»No matter how terrible, inhuman and despicable the methods are that Hasan uses, the people subject to him never lose their most noble human values. The sense of solidarity among the fedayeen never dies and friendship flourishes among them, just as it does among the girls in the gardens. Ibn Tahir and his comrades are eager to know the truth and when he finds out that he has been deceived by the man he had most trusted and believed in, he is no less shaken, than when he learns that Miriam’s love for him was a deception. And finally in all his grim knowledge Hasan is unhappy and alone in the universe. And if somebody wanted to find out from the author what he meant by writing Alamut, what his underlying feeling was as he went through the process of writing it, I’d tell him:
»Friend! Brother! Let me ask you, is there anything that makes a person braver than friendship? Is there anything more touching than love? And is there anything more exalted than the truth?«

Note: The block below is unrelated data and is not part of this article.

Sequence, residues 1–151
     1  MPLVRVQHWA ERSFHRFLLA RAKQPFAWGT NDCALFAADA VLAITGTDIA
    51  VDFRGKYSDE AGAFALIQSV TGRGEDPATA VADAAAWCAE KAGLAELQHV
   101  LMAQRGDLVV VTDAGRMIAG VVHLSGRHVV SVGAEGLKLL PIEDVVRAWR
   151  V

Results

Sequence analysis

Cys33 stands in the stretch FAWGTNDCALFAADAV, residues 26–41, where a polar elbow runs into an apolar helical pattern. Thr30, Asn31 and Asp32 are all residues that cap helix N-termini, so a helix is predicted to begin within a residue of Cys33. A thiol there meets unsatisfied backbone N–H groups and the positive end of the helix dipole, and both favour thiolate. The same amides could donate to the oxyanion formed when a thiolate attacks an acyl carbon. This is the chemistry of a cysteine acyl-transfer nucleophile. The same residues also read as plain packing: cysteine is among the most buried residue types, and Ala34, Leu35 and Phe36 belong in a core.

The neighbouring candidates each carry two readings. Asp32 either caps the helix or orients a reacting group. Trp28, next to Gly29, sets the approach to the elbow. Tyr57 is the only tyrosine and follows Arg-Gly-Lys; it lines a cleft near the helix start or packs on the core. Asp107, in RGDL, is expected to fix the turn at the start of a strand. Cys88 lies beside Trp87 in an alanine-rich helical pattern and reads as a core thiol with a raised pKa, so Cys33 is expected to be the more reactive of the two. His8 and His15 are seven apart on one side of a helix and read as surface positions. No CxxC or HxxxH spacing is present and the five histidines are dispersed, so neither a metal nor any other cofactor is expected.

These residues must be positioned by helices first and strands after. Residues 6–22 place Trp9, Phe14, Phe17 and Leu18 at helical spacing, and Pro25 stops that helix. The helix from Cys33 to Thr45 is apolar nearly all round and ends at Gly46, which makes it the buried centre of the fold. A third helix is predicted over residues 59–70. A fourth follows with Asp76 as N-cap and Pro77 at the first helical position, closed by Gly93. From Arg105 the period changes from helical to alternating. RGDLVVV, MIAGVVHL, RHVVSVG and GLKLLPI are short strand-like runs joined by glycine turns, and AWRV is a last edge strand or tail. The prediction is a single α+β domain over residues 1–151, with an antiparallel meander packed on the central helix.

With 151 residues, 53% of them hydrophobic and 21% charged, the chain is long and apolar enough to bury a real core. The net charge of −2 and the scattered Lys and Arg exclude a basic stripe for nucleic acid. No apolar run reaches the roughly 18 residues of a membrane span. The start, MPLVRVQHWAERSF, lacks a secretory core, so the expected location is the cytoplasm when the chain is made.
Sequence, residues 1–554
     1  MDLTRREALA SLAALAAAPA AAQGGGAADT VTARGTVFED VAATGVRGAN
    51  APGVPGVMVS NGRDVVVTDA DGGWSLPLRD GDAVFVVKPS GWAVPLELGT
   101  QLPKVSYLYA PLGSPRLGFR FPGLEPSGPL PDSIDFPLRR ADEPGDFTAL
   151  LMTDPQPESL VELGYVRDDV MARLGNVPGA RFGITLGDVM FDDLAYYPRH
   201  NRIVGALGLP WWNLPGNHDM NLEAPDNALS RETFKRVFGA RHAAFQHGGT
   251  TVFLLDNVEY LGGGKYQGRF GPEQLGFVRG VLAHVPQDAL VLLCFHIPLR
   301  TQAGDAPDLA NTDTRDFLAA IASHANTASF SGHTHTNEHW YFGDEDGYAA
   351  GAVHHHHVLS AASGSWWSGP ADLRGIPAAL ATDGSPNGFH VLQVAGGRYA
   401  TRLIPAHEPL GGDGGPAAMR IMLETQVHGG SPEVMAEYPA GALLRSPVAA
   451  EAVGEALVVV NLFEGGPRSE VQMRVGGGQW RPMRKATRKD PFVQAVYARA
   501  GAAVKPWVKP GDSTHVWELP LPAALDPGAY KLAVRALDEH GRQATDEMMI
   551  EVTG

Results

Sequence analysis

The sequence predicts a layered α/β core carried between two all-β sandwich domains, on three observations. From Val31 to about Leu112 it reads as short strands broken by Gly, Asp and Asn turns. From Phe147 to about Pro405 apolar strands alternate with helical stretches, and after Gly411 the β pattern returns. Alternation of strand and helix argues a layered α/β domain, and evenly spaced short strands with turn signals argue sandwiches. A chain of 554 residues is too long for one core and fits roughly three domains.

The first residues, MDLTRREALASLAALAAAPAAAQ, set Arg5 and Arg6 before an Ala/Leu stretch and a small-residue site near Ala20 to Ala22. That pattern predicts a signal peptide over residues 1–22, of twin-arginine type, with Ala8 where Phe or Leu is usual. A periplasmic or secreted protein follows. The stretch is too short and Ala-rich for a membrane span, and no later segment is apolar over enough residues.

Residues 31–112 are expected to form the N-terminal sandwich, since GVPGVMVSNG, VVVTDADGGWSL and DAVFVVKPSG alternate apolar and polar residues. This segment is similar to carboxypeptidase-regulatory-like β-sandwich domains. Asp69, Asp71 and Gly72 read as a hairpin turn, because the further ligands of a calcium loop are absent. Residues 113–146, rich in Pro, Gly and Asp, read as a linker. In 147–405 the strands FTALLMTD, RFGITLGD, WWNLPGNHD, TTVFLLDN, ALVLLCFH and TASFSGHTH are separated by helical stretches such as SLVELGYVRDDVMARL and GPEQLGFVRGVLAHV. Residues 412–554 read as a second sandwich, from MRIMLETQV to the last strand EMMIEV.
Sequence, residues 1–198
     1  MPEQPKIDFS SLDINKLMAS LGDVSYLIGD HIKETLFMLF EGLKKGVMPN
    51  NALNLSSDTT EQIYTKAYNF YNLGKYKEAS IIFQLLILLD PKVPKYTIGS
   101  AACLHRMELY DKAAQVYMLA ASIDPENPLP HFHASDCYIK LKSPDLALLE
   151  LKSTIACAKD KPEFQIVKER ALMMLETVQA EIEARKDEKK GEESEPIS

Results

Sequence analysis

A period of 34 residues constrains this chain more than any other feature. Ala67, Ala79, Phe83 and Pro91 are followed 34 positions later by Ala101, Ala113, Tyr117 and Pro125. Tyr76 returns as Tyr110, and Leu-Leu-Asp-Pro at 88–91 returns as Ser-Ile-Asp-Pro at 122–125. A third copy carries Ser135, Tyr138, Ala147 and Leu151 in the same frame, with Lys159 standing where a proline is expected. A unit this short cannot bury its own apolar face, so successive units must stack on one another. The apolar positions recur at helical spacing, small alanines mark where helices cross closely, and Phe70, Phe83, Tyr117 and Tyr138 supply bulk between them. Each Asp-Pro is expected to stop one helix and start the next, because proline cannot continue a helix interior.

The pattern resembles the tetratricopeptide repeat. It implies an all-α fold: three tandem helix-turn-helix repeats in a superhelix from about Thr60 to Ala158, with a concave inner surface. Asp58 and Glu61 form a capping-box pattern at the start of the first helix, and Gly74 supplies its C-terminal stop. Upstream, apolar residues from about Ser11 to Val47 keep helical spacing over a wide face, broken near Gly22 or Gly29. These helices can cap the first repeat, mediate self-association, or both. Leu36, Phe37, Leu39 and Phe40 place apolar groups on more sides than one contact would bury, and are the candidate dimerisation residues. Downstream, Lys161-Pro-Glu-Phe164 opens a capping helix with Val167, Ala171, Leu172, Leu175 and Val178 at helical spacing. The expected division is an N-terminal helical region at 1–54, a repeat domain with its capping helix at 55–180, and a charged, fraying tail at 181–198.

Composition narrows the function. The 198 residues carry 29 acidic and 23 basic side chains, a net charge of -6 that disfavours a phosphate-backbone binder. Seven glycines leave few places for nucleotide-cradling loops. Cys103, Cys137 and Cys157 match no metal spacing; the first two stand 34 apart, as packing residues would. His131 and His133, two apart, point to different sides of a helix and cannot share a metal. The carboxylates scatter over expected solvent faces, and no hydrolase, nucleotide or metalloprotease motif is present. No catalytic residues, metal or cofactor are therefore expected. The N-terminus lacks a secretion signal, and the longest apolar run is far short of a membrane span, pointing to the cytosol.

A great deal has been written about Bartol’s novel. Interpretations and relevance to the events and trends of our times abound, however, to quote M. Biggins, they »miss the fundamental fact that Alamut is a work of literature, and that as such its chief job is not to convey facts and arguments in a linear way, but to do what only literature can do: provide intentive readers, in a tapestry as complex and ambiguous as life itself, with the means of discovering deeper and more universal truths about humanity, about how we conceive of ourselves and the world, and how our conceptions shape the world around us, essentially, to know ourselves«.
Aleksandra L. Ceferin